This journal article of the Iowa Agriculture and Home Economics Experiment Station, Iowa State Univ., Ames, Iowa, project nr 6571 and 3766 was supported in part by USDA NRI grant nr 2001-35503-10814, the NASA Food Technology Commercial Space Center, the Center for Crops Utilization Research, Hatch Act and State of Iowa funds.
Bitterness of Soy Extracts Containing Isoflavones and Saponins
Article first published online: 30 JUN 2006
Journal of Food Science
Volume 71, Issue 3, pages S211–S215, April 2006
How to Cite
Aldin, E., Reitmeier, H. A. and Murphy, P. (2006), Bitterness of Soy Extracts Containing Isoflavones and Saponins. Journal of Food Science, 71: S211–S215. doi: 10.1111/j.1365-2621.2006.tb15643.x
- Issue published online: 30 JUN 2006
- Article first published online: 30 JUN 2006
- MS 20050427 Submitted 7/14/05, Revised 9/26/05, Accepted 12/18/05.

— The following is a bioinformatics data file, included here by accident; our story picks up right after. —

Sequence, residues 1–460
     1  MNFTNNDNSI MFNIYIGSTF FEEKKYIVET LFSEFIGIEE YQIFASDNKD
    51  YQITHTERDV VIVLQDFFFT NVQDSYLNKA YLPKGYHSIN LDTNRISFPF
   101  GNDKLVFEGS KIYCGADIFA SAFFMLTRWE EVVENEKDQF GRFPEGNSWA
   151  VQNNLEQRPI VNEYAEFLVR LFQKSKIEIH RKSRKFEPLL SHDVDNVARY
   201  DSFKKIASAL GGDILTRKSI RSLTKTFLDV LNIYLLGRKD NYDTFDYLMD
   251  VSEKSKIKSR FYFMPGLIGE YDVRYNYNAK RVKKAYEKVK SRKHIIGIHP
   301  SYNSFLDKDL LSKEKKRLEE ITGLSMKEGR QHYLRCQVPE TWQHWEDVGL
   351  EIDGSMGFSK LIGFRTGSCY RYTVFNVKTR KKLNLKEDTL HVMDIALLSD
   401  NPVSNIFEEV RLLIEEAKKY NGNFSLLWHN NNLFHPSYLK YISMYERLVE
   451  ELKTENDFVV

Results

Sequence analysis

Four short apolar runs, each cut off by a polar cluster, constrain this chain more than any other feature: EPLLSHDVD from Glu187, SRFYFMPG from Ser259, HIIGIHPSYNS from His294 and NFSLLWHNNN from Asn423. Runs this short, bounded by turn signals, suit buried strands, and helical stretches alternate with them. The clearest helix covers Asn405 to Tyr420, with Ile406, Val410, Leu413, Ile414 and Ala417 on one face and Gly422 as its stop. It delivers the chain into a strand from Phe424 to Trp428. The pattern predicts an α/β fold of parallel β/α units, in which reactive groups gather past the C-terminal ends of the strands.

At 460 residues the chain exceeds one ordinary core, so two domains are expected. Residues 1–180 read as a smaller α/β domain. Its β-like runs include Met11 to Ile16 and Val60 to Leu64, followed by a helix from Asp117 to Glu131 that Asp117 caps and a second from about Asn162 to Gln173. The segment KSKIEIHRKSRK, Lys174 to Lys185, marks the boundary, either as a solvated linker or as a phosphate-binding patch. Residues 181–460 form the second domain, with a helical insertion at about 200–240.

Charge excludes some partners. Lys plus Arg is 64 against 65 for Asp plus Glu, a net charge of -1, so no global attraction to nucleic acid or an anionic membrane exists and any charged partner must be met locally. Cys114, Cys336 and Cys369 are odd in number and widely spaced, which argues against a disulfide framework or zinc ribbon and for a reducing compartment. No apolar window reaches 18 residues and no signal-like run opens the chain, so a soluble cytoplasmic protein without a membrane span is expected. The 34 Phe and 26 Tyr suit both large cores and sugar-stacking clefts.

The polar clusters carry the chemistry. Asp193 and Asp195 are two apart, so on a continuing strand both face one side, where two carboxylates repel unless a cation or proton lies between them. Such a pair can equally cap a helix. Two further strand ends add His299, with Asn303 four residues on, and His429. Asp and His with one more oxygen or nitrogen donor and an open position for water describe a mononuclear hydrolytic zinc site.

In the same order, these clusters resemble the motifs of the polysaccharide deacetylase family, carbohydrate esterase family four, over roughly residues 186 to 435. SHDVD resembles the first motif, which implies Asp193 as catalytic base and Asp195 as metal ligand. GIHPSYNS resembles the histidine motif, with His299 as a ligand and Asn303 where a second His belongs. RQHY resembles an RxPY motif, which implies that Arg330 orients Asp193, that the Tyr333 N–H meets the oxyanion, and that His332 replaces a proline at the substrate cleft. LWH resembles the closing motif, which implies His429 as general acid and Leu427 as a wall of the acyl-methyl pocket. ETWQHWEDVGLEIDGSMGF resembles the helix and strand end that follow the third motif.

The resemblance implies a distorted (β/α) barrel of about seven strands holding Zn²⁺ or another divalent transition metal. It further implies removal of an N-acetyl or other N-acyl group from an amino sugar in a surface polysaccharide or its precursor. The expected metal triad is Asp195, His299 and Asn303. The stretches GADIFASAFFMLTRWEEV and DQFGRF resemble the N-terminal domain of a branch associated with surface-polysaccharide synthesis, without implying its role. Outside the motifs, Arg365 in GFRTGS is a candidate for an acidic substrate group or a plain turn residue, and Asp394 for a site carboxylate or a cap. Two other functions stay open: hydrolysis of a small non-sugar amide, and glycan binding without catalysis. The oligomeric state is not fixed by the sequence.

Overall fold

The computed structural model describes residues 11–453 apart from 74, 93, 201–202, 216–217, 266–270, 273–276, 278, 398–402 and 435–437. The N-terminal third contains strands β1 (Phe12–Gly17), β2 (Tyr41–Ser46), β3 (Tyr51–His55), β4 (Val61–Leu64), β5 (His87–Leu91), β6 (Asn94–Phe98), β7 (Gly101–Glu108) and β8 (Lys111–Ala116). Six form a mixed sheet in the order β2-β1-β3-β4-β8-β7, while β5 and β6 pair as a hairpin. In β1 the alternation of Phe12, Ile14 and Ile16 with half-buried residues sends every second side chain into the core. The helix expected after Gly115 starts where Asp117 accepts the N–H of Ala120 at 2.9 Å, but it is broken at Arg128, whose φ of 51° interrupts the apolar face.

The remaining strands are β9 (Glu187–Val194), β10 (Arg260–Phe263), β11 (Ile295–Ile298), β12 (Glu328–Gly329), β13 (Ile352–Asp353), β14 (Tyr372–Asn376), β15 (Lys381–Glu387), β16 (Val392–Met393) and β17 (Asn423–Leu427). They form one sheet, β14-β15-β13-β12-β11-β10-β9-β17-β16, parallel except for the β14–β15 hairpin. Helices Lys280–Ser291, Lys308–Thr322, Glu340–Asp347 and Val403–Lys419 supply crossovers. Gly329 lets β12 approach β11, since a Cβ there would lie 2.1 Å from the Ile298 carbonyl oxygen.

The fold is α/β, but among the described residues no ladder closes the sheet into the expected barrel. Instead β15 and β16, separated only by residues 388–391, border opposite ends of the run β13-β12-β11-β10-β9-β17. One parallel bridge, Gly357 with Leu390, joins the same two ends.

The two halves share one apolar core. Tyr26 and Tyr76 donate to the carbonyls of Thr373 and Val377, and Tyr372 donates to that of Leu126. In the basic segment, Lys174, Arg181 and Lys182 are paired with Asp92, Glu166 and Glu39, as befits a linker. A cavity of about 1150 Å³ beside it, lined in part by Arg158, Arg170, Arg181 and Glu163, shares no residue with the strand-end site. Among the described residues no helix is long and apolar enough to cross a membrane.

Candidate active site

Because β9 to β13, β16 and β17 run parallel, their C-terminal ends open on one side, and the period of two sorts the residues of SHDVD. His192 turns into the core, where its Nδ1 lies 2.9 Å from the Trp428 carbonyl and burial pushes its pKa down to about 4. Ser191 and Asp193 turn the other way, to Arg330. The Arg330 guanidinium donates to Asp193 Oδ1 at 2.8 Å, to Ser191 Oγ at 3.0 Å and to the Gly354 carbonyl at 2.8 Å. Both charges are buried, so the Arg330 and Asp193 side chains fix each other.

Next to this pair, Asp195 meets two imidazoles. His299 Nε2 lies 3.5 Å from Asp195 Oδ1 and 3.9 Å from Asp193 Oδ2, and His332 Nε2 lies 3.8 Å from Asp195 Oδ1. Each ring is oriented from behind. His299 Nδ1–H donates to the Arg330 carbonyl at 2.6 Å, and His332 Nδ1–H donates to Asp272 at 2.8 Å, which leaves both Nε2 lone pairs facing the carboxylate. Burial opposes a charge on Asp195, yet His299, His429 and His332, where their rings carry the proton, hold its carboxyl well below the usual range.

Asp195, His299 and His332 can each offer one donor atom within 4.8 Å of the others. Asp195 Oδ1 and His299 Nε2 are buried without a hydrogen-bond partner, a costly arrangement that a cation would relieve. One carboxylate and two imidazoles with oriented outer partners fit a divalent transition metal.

ABSTRACT: Chemical profiles of isoflavones and saponins in defatted soy flakes, soy protein isolate, and soy germ extracts were determined. The isoflavone and saponin concentration and distribution in the soy extracts were different. Recognition thresholds for bitterness were lower for extracts of defatted soy flake and soy protein isolate than for soy germ extract in water. Bitterness thresholds were higher in milk; bitterness was detected in the soy flake extract at lower concentrations of isoflavone and saponins than in isolate or germ extracts. Soy protein isolate extracts were less astringent and had less off-flavor than the soy flake and soy germ extracts in water at same total isoflavone concentration. The distribution of isoflavone and saponin forms compared with threshold and descriptive analysis suggested that the β-malonyl-glucoside isoflavone and the 2,3-dihydro-2,5-dihydroxy-6-methyl-4H-pyran-4-one (DDMP) -saponins may be the components responsible for flavor differences in soy matrices.